At Pitsco, we’re doing our part to help slow the spread of COVID-19. Click here for more information.
Home > About Us > Overcoming the fear of coding

Overcoming the fear of coding

Published April 15, 2019

Additional 2030 Workforce articles:

By Aaron Locke, Curriculum Specialist

I have to confess. Even as a Pitsco curriculum specialist who focuses on coding and robotics, I find that coding – programming – can be overwhelming, confusing, and downright frustrating at times. But just like any challenge in life, the key to overcoming this challenge is to not let fear get in the way and to persevere with grit and determination. It might take some time, effort, and the swallowing of our pride to ask for help, but with the right tools and the right mindset, anyone can code – and teach coding.

I’ve come up with 10 simple tips to help you overcome codeophobia, the fear of coding (OK, I made that up). My tips use the example of a simple line-following robot that can detect when an obstacle is in its way.

  1. Understand the problem or task – It seems like a no-brainer, right? But so many times we rush into a problem without a full understanding of what it is we need to achieve. When the problem is understood, it can be broken down into basic steps.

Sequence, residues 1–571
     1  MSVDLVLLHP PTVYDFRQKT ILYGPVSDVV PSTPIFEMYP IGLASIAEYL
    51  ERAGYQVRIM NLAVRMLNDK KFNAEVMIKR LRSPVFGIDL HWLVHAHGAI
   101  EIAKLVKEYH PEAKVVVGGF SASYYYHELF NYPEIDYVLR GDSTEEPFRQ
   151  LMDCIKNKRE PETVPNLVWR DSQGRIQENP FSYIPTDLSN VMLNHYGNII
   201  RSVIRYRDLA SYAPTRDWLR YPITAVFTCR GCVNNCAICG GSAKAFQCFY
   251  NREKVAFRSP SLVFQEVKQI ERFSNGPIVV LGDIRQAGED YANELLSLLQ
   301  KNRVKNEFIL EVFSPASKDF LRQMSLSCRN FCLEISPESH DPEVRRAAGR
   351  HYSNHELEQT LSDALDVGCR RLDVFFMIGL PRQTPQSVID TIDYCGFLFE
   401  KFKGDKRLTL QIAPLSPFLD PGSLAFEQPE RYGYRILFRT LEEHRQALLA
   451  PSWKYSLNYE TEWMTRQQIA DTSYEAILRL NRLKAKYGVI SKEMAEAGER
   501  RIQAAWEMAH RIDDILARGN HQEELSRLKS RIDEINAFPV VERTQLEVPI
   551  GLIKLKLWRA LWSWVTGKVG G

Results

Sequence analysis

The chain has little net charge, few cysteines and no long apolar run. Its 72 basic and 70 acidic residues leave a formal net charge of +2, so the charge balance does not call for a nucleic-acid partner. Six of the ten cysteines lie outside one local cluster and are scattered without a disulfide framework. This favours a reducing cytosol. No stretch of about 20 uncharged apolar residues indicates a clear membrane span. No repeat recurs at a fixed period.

2. Create an outline – Remember writing informative speeches in school? Coding is a lot like an informative speech. You’re informing the computer/software/robot what to do in certain situations. Whether you’re speech writing or coding, a good place to start is with an outline. Write what you want the code to do in an outline form. This is often called pseudocode. I like to write my pseudocode on sticky notes so that I can rearrange lines easily. As you write your commands, pay attention to your sentence starters. They often help you develop the structure of your code. Words like if, when, determine, or decide often indicate conditionals and will require some form of if statement. Words like while, until, as long as, continuously, and repeat often indicate that a loop of some kind will be needed. Sometimes it helps to create a flowchart to map out your code structure.